Domain Modeling

The process of domain modeling consists of constructing a definition for the domain, and specifying the data to be stored, the presentation that will be provided to the user, and any rules (including allowable operations), constraints, or default values necessary. The definition of the domain can be rendered in prose text, in tabular form, as a list, or in any other format that adequately represents the necessary information and is easy to review.

Domains are defined as part of the attribute identification and definition activities within logical data modeling; therefore, they are part of the analytical work product. The full domain definition is uncovered through standard information gathering techniques used by the analyst to build the data model. It is important that the analyst probe sufficiently to understand the business requirements for the data so that presentation, validation, storage, and constraint issues can be articulated during the domain modeling process.

Each domain definition articulates the type, meaning, and limitations of the data and the represented information. It is often appropriate to restrict the operations that can sensibly be performed on data of a given domain. For example, there are few applications for the multiplication of two different dollar values.

Presentation requirements are rightly part of the domain because they provide a more consistent presentation of data across applications and application components. Where necessary, attributes that are defined in terms of a domain may override the presentation requirements of the domain. In such cases, the data modeler should specify why this is necessary. For example, consider a cost application rate domain. The definition of the domain might specify the allowable values, presentation, and meaning, as in the following prose fragment:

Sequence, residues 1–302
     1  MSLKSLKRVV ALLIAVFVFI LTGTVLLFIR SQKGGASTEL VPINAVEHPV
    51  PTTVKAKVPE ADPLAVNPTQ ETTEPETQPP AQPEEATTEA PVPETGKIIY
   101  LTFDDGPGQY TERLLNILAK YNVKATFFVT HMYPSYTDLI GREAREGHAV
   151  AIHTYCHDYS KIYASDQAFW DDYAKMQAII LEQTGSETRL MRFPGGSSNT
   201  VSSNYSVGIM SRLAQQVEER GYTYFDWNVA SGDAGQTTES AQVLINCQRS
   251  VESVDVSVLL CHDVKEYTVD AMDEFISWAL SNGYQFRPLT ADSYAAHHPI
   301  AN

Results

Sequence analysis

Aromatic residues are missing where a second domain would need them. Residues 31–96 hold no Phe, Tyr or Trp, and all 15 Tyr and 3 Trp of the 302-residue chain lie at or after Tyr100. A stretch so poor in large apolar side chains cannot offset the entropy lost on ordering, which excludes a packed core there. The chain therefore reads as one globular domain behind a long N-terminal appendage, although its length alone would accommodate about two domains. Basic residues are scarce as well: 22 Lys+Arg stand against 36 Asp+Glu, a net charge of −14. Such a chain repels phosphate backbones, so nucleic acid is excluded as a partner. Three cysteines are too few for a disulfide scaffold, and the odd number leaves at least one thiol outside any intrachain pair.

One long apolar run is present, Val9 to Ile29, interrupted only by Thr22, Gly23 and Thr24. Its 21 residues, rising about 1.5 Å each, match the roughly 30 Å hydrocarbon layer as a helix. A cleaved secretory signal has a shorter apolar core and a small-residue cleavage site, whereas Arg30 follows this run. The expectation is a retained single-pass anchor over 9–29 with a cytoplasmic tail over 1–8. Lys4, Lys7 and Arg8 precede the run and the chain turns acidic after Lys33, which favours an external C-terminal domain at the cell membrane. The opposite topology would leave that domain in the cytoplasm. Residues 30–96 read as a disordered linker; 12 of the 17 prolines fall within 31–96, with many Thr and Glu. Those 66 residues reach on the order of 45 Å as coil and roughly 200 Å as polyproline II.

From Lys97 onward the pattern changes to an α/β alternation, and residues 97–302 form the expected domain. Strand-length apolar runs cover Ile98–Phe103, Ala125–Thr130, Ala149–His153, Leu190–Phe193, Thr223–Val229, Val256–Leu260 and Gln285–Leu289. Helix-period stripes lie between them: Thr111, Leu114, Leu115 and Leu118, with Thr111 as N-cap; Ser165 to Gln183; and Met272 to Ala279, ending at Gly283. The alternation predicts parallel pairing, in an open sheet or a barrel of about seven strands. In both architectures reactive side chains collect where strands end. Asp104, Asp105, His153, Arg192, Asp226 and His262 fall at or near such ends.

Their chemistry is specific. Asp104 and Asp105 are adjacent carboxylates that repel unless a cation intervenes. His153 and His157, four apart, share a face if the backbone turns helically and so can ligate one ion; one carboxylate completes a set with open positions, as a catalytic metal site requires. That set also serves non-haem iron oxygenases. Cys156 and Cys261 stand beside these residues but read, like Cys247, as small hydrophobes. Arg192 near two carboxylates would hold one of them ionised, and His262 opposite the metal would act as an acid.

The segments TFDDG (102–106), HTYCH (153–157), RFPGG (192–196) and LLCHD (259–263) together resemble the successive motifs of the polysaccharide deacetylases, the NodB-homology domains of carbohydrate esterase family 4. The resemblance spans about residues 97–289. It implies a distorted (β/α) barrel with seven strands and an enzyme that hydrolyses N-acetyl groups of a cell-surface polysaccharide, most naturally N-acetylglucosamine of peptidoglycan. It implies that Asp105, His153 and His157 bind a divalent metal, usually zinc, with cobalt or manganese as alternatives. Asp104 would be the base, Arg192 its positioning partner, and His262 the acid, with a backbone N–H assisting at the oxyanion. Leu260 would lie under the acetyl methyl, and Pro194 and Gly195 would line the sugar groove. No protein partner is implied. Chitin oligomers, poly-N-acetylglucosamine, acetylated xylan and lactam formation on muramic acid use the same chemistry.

The value must be a non-negative number less than 100,000, presented with three decimal places, and stored with at least three decimal places. The value represents a rate that is a monetary value per hour or per unit. The value can never be unknown, and should default to zero if not supplied. The value depends on the currency_name domain to identify the currency of the numerator, and on the cost_rate_basis domain to indicate the source of the denominator units or hours.

This definition identifies the necessary dependent domains to make sense of a value within the specified domain. The definition would then go on to describe the allowable uses of the value, such as multiplication by an appropriate basis (hours or units) to yield a monetary value.

Note that the storage requirement has a legitimate place here; the precision at which the value is stored affects the accuracy of calculations using it. However, the domain definition does not require that the domain be implemented as a fixed-precision value. The domain definition also does not stipulate that its implementation be a NOT NULL column, although you would reasonably expect the designer to implement it in this manner if the database provides this distinction.

How Domains Contribute to the Development Process